CIO — In the world of IT, things can and will go wrong. Failure can come from a number of things such as rushing to get too much done in a single project instead of breaking it down into smaller, more manageable projects. It can come from not allowing enough lead time for developers to do their part on the back-end or even from a consultant or vendor that led you down the wrong path.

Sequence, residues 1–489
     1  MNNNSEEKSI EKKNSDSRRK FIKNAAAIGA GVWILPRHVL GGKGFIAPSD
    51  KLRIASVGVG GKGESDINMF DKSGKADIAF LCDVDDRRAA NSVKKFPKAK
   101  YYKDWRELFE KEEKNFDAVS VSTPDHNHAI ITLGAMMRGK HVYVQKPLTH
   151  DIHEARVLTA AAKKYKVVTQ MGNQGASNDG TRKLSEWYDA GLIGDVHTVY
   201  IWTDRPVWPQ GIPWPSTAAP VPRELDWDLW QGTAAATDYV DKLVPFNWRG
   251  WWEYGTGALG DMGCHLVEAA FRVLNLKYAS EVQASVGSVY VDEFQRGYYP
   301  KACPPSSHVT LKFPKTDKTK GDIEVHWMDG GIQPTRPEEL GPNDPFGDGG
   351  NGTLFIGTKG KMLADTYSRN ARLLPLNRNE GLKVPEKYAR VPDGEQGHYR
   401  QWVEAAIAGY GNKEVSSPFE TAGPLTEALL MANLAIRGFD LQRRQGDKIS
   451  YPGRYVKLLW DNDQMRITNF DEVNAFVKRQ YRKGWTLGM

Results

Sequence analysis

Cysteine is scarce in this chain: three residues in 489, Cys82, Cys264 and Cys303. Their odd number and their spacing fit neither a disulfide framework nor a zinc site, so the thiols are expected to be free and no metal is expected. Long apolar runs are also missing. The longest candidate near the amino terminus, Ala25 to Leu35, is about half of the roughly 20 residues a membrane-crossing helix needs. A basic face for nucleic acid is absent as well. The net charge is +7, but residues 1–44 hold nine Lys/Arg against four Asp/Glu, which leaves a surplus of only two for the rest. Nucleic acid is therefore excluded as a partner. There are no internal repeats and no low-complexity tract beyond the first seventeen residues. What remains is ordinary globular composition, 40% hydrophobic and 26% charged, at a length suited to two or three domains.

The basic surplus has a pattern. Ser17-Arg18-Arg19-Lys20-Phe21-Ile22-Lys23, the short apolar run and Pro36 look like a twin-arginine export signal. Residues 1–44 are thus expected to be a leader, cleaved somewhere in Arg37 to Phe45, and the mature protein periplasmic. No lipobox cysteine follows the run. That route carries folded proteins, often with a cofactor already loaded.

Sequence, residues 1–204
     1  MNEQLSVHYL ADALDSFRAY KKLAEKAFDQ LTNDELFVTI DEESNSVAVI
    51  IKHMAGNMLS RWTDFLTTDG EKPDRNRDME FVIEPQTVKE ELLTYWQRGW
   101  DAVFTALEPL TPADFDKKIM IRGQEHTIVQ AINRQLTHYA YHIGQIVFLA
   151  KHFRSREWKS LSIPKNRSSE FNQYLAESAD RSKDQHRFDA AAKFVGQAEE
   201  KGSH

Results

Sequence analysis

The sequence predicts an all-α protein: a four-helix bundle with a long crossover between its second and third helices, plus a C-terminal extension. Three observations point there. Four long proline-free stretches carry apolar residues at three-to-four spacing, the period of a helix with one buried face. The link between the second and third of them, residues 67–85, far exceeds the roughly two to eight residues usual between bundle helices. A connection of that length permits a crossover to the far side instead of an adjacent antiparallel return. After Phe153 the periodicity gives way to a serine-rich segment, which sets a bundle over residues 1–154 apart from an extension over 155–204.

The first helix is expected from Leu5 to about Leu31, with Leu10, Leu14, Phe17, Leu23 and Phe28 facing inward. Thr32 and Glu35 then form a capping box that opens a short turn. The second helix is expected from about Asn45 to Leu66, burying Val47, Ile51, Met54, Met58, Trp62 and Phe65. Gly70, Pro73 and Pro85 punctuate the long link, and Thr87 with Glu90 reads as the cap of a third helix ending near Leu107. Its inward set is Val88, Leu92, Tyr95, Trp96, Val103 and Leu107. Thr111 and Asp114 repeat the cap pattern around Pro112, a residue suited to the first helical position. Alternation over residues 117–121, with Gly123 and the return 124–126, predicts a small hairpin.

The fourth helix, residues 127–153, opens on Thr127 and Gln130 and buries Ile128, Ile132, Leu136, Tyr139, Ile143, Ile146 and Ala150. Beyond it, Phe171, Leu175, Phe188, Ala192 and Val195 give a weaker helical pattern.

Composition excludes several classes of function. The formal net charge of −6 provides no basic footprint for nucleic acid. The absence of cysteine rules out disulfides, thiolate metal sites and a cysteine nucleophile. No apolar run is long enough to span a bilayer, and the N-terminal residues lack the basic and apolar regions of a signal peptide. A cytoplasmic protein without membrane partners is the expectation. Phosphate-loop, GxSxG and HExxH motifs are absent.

Whatever the case, failure does happen; it's to be expected and as the saying goes life is "10 percent what happens to you 90 percent how you react to it." Failure doesn't have to be a negative. With the right attitudes and processes in place it can be educational, informative and sometimes transformative.
You know from a logical perspective that you should learn from your mistakes. That is drilled into many of us beginning in childhood. The problem, according to experts, is that in the corporate world, a lot of companies don't handle failure well. They don't have adequate processes in place to examine why something failed, but that is a huge necessary part of the learning process.